The Information Commissioner has published a discussion paper on profiling under the EU’s General Data Protection Regulation and has called on stakeholders to submit feedback.
The discussion paper, called Profiling under the GDPR: feedback request was published by the ICO yesterday. In an accompanying blog on the ICO’s website, the data protection watchdog’s interim head of policy, Jo Pedder, said the paper represented the organisation’s “initial thoughts on this topic under the GDPR, which introduces stricter provisions to protect individuals from this type of data processing”.
“Profiling can be a powerful tool for organisations and can benefit individuals, the economy and society generally. It can help organisations to understand and target audiences more effectively and is used to make decisions about people, but these can have a significant and sometimes detrimental effect on individuals,” said Pedder.
The paper deals with subjects including “marketing, the right to object and data minimisation” under future GDPR legislation.
The ICO said it will accept submissions on this topic until 28 April 2017.
Working party prioritised profiling for guidance
In its request for feedback, the ICO said that the EU GDPR working party, in which it plays a role, “identified profiling as an area of concern” across the data protection landscape and has prioritised the issue for guidance.
The ICO said this particular paper is not guidance, but is instead a request for feedback from various stakeholders, as well as a chance to provide “examples of best practice”.
The paper addresses ten areas where existing legislation around profiling would change under GDPR, and sets out corresponding questions in regards to that change and how it will affect stakeholders.
The paper also defines a number of sources of profiling, including the use of “internet search and browsing history; education and professional data and financial and payment data”, and reiterated that while “organisations may perceive profiling to be beneficial” that does not “make it fair. Nor does it remove the requirement to inform an individual about the processing and how to exercise their rights”.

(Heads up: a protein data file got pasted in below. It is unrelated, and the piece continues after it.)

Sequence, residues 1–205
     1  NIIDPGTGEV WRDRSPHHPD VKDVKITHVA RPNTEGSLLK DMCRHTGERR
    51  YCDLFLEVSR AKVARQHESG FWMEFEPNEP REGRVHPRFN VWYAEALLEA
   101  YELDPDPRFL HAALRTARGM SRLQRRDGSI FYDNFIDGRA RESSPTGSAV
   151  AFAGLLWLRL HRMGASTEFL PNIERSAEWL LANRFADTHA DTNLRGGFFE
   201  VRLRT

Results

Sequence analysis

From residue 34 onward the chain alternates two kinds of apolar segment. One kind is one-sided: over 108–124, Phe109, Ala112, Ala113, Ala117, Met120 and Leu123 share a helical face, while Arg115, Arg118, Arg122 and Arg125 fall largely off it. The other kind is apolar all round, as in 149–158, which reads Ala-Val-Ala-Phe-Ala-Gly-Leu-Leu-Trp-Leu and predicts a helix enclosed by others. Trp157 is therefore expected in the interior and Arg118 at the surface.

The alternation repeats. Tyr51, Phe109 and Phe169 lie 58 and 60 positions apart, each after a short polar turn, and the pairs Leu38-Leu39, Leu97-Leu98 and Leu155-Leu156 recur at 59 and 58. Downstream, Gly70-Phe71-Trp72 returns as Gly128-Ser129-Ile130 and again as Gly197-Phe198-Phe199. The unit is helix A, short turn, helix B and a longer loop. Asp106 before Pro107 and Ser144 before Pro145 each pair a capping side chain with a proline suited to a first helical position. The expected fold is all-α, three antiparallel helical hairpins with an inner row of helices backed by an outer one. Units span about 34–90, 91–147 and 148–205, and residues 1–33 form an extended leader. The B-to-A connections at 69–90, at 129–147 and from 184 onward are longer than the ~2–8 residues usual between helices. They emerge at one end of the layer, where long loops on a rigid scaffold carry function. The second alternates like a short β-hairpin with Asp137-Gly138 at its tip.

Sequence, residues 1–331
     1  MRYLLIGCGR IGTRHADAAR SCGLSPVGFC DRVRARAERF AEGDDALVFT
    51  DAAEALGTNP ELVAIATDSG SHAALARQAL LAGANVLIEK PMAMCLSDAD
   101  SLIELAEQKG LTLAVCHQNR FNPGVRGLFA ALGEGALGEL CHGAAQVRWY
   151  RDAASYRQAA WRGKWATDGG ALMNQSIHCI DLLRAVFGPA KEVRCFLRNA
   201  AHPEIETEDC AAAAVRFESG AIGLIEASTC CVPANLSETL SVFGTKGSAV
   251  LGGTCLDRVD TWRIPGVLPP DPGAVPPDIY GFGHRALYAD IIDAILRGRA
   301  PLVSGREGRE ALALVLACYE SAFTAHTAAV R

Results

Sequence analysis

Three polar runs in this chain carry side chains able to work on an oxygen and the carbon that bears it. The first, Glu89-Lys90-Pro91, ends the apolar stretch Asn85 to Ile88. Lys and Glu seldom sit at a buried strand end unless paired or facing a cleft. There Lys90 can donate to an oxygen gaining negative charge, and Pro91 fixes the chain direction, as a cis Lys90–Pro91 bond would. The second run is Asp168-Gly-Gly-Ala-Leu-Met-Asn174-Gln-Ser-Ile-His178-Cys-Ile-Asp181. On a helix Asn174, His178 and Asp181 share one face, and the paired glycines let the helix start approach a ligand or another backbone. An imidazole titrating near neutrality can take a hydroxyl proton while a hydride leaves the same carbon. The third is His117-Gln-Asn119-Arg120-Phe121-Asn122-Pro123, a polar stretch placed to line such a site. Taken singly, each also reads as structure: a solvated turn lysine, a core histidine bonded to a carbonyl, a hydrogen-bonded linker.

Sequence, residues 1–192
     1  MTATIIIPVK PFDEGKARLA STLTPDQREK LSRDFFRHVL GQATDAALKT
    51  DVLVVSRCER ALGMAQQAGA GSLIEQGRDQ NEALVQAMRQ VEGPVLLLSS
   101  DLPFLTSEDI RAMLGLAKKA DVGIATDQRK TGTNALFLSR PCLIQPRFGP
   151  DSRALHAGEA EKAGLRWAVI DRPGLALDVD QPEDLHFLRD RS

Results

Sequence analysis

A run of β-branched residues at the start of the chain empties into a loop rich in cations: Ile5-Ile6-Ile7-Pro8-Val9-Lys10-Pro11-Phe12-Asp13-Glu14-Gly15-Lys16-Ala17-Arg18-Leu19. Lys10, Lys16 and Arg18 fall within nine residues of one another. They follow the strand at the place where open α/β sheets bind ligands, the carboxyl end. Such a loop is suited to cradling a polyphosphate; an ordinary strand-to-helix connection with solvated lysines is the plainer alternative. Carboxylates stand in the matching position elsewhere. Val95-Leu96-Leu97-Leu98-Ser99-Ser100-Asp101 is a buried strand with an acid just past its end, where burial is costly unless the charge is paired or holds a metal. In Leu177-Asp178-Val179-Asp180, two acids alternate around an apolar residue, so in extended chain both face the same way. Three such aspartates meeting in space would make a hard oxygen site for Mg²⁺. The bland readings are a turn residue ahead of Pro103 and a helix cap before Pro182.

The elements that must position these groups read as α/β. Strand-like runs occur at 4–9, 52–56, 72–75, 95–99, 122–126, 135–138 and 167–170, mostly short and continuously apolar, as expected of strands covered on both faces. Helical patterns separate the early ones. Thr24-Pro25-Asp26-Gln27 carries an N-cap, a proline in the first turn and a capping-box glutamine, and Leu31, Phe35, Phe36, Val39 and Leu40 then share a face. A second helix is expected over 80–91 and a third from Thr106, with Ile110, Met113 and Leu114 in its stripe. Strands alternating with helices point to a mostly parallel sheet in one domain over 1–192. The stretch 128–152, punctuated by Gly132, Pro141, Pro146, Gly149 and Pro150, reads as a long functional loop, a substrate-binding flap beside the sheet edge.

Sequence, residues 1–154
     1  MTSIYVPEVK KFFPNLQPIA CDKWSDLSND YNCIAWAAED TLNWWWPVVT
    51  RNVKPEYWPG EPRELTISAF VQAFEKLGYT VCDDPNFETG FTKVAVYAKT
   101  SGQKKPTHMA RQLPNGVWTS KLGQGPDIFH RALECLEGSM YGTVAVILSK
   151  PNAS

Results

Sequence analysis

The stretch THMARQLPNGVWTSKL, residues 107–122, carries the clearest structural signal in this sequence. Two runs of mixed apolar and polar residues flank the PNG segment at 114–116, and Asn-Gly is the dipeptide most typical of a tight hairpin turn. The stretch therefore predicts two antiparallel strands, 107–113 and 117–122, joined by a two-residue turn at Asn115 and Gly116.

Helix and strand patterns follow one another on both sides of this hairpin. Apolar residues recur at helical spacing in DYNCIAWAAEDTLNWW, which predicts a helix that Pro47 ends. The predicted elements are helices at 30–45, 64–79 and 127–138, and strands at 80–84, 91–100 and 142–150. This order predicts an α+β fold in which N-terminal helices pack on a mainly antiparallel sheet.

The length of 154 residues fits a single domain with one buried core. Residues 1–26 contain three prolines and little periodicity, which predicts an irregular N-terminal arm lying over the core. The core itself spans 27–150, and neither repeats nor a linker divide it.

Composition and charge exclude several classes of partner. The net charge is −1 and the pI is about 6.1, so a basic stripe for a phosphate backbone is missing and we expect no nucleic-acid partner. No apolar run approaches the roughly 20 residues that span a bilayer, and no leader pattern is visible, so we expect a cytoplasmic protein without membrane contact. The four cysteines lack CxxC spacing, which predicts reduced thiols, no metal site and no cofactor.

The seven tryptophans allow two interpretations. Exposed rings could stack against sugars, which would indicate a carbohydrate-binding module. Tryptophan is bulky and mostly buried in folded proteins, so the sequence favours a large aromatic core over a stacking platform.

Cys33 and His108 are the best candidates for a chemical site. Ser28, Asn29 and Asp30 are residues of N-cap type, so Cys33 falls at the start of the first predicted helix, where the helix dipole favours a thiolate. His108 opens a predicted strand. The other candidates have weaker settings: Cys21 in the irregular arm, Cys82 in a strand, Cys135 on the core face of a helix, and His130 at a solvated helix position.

IoF say research beneficial to both charity and donor
Issues around what does and does not constitute lawful profiling of data under the new GDPR legislation and the ICO’s recent stricter interpretations of existing data protection law around the issue have proved contentious in recent months.
In Fundraising Magazine
The Institute of Fundraising recently published a survey of its members which found that 90 per cent of respondents believe that conducting research of donors prior to contacting them “enabled fundraisers to enhance the experience offered to donors”.
At the time Mike Smith, head of media and public affairs, at the membership body also told Civil Society News that the IoF was working with the Information Commissioner to explain “why doing research as part of fundraising is so important not just for the charity, but because it can improve the donor experience as well, which is vital.”
However, in the wake of this week’s rulings against 11 charities for breaches of the Data Protection Act, a number of sources in the data protection community have said the ICO “has no intention whatsoever of backing down on their position about profiling and wealth screening, despite the case being made loudly by fundraisers that it really has a beneficial, rather than an adverse, effect on data subjects”.